A second chance
Thursday, January 18, 2024
- Cancer Care
Old books, postcards and torn sheet music. Frayed ribbons, faded fabric, old lace and broken jewelry. What’s trash for many people is treasure to Erika Wickham. These are the tools of her favorite hobby: Junk journaling. “Until proven otherwise, it can be put in a junk journal,” she laughs.
A junk journal’s meaning is determined by its creator and is as varied as the bits and bobs that adorn its pages. It’s building something beautiful with your hands. It’s figuring it out as you go. It’s never giving up.
It’s a lot like what Erika has been doing since March 8, 2022.
In the blink of eye
On March 8, 2022, Erika was diagnosed with HER2 positive breast cancer, an aggressive growing form of cancer that required immediate treatment.
She had just purchased a new home.
She was finally out of the woods with her mother, who had just recovered from a long illness that had her bedbound.
She had two jobs, a handful of hobbies and friends and family that relied on her.
She was only 49 years old.
Finding light in the darkness
In the blink of an eye, Erika went from starting a new chapter in her life to facing a battle with breast cancer.
Her treatment included a total hysterectomy, a lumpectomy, chemotherapy and radiation. She also underwent hydration infusions to combat the side effects of her intense treatment.
Erika works at Genesis so she felt confident that she was in good hands. “Our Cancer Center is a gem of our organization,” she said.
Shyamal Bastola, M.D., a Fellowship-trained and Board-certified Hematologist and Oncologist at the Genesis Cancer Care Center, led her care.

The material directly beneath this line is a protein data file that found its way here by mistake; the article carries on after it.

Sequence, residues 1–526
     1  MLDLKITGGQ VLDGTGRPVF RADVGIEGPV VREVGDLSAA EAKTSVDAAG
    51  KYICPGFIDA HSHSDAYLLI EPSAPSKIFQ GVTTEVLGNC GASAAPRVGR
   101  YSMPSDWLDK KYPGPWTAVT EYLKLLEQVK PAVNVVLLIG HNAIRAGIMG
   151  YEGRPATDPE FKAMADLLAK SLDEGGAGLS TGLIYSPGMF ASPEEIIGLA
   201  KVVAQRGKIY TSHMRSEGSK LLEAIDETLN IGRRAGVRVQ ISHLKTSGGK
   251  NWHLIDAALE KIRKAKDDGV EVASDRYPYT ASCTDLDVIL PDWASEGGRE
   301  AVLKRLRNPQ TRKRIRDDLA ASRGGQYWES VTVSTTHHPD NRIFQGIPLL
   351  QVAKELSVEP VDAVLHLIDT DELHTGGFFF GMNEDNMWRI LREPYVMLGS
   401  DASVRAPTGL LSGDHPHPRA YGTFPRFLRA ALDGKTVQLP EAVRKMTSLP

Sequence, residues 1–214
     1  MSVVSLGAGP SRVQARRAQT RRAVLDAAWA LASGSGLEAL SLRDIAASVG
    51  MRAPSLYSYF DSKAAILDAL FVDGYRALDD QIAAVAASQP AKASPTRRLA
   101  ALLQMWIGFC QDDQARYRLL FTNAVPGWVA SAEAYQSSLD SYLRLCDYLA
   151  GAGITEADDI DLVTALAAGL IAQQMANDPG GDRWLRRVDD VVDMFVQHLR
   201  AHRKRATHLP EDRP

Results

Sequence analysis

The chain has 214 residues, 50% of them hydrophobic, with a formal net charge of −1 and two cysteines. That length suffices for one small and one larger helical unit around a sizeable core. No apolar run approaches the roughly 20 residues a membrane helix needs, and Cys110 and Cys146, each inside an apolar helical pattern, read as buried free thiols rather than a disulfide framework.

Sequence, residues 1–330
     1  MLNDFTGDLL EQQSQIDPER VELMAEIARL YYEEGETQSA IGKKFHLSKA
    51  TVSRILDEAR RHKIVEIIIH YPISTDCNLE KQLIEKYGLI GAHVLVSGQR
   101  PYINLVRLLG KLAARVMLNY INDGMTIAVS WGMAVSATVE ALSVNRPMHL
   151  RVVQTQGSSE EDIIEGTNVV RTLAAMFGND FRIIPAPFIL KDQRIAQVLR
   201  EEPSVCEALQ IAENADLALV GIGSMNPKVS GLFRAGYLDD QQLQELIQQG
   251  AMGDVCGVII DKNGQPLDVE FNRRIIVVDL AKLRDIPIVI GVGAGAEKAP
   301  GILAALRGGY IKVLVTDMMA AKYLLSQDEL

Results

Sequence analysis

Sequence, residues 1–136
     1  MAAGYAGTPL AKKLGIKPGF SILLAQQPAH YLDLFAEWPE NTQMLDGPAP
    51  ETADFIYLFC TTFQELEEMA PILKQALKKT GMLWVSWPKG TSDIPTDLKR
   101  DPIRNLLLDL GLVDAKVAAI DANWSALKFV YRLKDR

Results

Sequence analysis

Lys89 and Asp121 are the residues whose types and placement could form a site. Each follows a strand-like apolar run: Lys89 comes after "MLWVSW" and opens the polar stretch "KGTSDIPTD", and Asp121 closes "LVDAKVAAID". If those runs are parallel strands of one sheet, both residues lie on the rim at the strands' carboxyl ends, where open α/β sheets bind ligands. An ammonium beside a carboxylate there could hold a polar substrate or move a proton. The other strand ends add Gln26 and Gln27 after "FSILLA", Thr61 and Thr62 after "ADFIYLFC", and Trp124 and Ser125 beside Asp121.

As Erika battled cancer, she also fought to do the things that were important to her. She packed up her laptop and worked during chemotherapy. She mowed her lawn as long as she could. She still visited her mother to check on her.
A friend introduced her to junk journaling and Erika fell in love with the process. The first journal she made was of all the cards she received during treatment. Then she made another. And another.
“It’s repurposing old things and making them into something new and beautiful,” she said. “It’s giving them a second chance at life, which is what I feel that I’ve been given.”
She started creating journals for other cancer patients, so they had something to read and write in while undergoing chemotherapy. She creates them by request and donates them to the Cancer Care Center.
“It’s very healing.”
Navigating the new normal
In May 2023, Erika Wickham was declared cancer-free. She says she has an entirely new perspective and outlook on life. She creates junk journals and crafts with friends every weekend and is starting a support group for cancer survivors. “I live and do more than I ever did before.”